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A BREAK IN THE CASE. Last June, the FBI raided the Orlando Museum of Art, taking 25 paintings said to be previously unknown Jean-Michel Basquiats, an attribution disputed by many experts. The OMA’s director was soon ousted. Now federal prosecutors say that a Los Angeles man has admitted to helping create and sell the paintings, per the New York Times. Michael Barzman, an auctioneer, will plead guilty to making false statements to investigators when he initially claimed to know nothing about the allegedly ersatz artworks. Court docs say that Barzman worked with an unnamed individual, who spent five to 30 minutes making each work. His lawyer told the Courthouse News Service that his client did it because he “was drowning in medical debt.” One of the current owners of the works, attorney Pierce O’Donnell, told the Times that he still believes the paintings are genuine, calling Barzman “a proven unreliable person.”
CARL FISCHER, the self-taught photographer who shot many of Esquire magazine’s instantly iconic (and frequently controversial) covers in the 1960s and ‘70s, died last Friday at the age of 98, Neil Genzlinger reports in the New York Times. Working with the art director George Lois, who was credited with the concepts, Fischer used an array of techniques to portray public figures in unusual circumstances, like the boxer and activist Muhammad Ali stuck with arrows and the artist Andy Warhol sinking into a huge can of Campbell’s soup. He made the latter by taking the Pop star’s portrait and pasting it into an image that he made of a marble falling into a normal-size can of tomato soup.
Australian artist John Olsen, who won fame for his vibrant, abstracted landscape paintings, and who took home his nation’s prestigious Archibald prize in 2005 for a self-portrait, died on Tuesday at 95. “Painting was our father’s life, and he was painting right up to the last,” his children said in a statement. [The Guardian]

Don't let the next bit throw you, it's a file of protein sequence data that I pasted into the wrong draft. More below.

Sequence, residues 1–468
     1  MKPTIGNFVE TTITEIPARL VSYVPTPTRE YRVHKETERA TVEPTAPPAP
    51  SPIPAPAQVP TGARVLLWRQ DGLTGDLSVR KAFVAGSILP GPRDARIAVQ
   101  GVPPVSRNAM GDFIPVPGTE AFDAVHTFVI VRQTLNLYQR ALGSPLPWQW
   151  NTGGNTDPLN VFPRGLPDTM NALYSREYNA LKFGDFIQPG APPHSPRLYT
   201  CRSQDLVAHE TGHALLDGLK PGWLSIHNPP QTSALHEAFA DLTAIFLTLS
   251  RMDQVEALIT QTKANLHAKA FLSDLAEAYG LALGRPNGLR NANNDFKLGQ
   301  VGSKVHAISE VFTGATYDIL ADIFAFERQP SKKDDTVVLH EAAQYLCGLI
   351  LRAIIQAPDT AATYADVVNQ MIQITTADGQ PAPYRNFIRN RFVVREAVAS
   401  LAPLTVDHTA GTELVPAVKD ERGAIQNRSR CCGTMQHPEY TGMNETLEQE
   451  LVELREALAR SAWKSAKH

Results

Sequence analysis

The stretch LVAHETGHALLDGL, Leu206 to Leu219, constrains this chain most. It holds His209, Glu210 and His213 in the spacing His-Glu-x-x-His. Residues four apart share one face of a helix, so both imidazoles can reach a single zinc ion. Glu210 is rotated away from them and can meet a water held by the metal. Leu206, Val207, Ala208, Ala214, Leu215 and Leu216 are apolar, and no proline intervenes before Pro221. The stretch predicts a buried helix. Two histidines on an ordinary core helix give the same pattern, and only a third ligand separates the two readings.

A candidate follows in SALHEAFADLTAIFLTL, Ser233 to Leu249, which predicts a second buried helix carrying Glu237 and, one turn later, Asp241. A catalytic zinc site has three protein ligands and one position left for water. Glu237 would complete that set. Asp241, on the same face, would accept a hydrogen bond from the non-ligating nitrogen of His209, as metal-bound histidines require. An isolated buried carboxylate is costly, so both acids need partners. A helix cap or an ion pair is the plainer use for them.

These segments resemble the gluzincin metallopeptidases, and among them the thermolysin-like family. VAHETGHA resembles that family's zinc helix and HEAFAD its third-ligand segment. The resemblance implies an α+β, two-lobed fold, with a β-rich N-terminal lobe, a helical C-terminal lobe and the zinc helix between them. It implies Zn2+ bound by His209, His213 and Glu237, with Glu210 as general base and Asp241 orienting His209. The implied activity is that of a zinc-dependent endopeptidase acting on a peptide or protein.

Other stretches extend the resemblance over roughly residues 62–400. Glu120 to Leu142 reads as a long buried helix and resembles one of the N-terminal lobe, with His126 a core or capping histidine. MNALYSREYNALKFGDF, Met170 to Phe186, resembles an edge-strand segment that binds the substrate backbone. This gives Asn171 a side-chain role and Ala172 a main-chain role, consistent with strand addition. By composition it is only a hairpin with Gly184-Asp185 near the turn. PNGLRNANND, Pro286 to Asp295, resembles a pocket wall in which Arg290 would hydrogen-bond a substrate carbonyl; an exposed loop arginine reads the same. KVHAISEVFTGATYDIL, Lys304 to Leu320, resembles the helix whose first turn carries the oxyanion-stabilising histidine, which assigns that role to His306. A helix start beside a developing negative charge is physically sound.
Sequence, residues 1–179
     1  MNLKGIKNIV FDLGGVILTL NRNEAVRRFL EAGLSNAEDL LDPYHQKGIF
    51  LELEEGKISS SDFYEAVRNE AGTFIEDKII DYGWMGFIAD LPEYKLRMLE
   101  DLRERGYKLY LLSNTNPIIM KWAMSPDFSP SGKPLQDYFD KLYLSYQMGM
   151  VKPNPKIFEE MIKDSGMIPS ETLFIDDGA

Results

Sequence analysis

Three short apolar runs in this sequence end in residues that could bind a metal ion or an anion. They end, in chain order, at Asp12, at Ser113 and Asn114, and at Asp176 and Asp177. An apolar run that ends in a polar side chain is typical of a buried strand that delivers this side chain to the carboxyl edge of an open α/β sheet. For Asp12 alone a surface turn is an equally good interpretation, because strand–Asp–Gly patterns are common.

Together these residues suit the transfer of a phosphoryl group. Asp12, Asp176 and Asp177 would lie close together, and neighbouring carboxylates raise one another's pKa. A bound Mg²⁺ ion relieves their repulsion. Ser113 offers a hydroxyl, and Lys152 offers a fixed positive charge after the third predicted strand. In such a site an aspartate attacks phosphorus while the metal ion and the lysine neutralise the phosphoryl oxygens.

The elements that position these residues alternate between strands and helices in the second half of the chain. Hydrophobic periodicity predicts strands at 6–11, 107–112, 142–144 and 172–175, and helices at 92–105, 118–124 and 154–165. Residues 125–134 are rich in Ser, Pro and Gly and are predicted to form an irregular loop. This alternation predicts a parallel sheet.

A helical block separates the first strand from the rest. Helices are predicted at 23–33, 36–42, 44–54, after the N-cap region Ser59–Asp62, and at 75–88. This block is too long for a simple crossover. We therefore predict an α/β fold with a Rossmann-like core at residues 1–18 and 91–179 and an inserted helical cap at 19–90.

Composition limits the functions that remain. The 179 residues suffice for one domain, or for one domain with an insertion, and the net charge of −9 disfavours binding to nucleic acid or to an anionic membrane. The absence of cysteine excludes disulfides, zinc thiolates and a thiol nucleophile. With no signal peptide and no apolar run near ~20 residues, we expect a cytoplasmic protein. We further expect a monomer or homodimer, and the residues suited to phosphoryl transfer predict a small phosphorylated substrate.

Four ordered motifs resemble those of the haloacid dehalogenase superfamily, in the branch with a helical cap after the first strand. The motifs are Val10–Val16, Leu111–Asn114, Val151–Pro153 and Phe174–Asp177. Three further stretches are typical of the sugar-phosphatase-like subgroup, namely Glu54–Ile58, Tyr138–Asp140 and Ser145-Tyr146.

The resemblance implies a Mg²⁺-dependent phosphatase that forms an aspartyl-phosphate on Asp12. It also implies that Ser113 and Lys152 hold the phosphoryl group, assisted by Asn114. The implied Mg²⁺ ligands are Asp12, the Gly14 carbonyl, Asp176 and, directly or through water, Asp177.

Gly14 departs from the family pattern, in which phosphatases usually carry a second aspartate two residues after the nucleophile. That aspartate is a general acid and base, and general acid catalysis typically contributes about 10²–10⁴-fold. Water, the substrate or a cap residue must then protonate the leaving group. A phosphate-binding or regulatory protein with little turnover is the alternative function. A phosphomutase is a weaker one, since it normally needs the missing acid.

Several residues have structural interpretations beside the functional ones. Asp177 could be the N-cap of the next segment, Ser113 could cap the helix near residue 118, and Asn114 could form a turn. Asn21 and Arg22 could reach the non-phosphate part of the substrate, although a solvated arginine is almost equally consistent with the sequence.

Italy is pursuing legislation that would impose a minimum fine of €10,000 (about $10,900) for vandalizing important cultural sites. That figure could climb to €60,000 ($66,000) in some cases. The proposal comes as climate activists have been targeting monuments and artworks in protests throughout Europe. [The Associated Press]
Staffers at the Royal Museums of Art and History in Brussels have cosigned a letter to the Belgian government complaining of a toxic workplace marked by unequal treatment and a lack of “equity and basic justice.” They claim that their “leaders turn a deaf ear while we survive in a general malaise.” [The Brussels Times]
Officials are exploring a plan to stage miniature biennales around the Indian state of Kerala, its minister for tourism revealed at the closing ceremony for the Kochi-Muziris Biennale. [The Hindu]
A wildfire in Gangneung, on the east cost of South Korea, damaged heritage sites, including the Sangyeongjeong pavilion that dates to 1859 and parts of the Inwolsa temple. [The Korea Herald]
Archaeologists at the Mayan site of Chichen Itza on Mexico’s Yucatan peninsula have found an ancient scoreboard that was used in a soccer-like game. It measures about a foot across, weighs a formidable 88 pounds, and is believed to date to around 800 to 900. [Reuters]
A SURPRISE COMMISSION. The United States Postal Service recently released the 46th stamp in its Black Heritage series, a vivid portrait of the late novelist Ernest J. Gaines. The man responsible for that image is artist Robert Peterson, who is based in Lawton, Oklahoma, and while he has been painting seriously for about a decade, he had some doubts when the USPS first reached out to him. “I thought it was fake, to be honest,” Peterson told KFDX. “I thought I was being scammed or Punk’d or something like that.” Next year, he will have a solo show at the Wichita Art Museum in Kansas. His stamps can be purchased online, at post offices across the country. [KFDX]